- Awesome, Dear Boy: According to Ken Russell, Vanessa Redgrave was having a lot of fun playing a sexually frustrated nun.
- Banned in China: The film didn't have a chance in Italy with its blasphemous content and was banned. Vanessa Redgrave and Oliver Reed were also threatened with three years in prison if they ever visited the country.
- Channel Hop: United Artists announced the film in August 1969, with Robert Sole to produce under a three picture deal with the studio, and Ken Russell to direct. Filming was set to start in May 1970. However, after United Artists executives read the screenplay, they "refused to touch it," abandoning plans to fund the production. At the time, production designer Derek Jarman had already constructed some of the sets for the film. It was subsequently acquired by Warner Bros., who signed on in March 1970 to distribute the film.
- Creator Backlash: Ken Russell was hugely annoyed at being forced to cut the scene of the rape of Christ, feeling it undermined the point of the story. But "short of burning the entire film, what else could I do?"
- Creator Breakdown: Ken Russell's marriage fell apart during the filming of this movie.
- The Danza: Subverted, possibly due to a goof. Judith Paris is credited as 'Sister Judith' but in the film she's called Sister Agnes.
- Dyeing for Your Art: Oliver Reed had his hair cut off, and shaved his beard and eyebrows for the climax. Especially notable because he grew the facial hair out to hide his scars.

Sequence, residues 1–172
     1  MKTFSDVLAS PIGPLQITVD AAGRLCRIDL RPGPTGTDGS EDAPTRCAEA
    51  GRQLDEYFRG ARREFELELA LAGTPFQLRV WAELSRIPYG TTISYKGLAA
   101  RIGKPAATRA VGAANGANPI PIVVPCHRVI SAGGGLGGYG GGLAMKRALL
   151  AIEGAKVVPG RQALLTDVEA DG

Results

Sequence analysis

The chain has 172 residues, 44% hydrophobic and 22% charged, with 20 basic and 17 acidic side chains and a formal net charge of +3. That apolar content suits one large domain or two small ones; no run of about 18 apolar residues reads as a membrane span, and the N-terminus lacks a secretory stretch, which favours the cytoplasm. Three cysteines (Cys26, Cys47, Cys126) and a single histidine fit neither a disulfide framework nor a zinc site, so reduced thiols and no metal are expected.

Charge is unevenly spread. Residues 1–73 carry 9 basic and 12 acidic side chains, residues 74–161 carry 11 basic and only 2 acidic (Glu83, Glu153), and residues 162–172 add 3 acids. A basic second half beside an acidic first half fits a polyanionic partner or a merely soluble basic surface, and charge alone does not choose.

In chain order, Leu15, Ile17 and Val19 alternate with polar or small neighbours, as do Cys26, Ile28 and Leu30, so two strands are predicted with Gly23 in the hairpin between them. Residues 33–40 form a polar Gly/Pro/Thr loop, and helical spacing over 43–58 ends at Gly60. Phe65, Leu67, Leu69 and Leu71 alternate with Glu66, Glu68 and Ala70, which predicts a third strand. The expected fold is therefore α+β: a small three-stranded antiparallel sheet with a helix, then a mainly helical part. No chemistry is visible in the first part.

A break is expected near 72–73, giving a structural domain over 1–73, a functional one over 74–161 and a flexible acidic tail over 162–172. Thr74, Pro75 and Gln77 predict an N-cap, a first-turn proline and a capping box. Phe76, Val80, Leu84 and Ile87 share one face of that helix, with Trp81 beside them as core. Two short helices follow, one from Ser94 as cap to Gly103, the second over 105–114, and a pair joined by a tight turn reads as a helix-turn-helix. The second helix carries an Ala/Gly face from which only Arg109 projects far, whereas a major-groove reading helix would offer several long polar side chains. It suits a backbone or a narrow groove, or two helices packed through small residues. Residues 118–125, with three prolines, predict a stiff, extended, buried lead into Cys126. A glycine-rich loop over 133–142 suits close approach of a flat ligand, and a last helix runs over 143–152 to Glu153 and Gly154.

- Enforced Method Acting: Vanessa Redgrave wore a prosthetic hump to help keep in character.
- Executive Meddling: Ken Russell cut the infamous "Rape of Christ" scene and original ending personally after showing a rough cut to John Trevelyan, the Secretary of the British Board of Film Censors, who said those scenes would be impossible to pass. Despite this the British Censors demanded further cuts of 89 seconds to make some of the sex and violence less explicit. They then proceeded to pass it with an X certificate to a storm of protest. The real damage was done by Warner Bros., who hacked the film to near incoherence. For example, any trace of pubic hair was removed, cutting 6 minutes to release it with an R rating. They then proceeded to get their hands on all copies of the British version and cut them to match the R version, preventing the film being seen in anything close to its original form for decades. For years the cut footage was presumed to be lost forever, until most of it was ultimately recovered; but while the "rape of Christ" sequences have been restored, the original ending (with Sister Jeanne using the charred bone of Grandier as a dildo) has yet to be found and possibly remains lost forever, though this might be for the best. The director's cut is occasionally seen at film festivals in the UK but Warner Bros. have repeatedly denied requests for it to be released on DVD.
- Follow the Leader: It's theorised that this was following the lead of Witchfinder General, being Very Loosely Based on a True Story and depicting explicit violence in a tale of religious hypocrisy. It's also said that The Devils paved the way for nunsploitation films of the 1970s.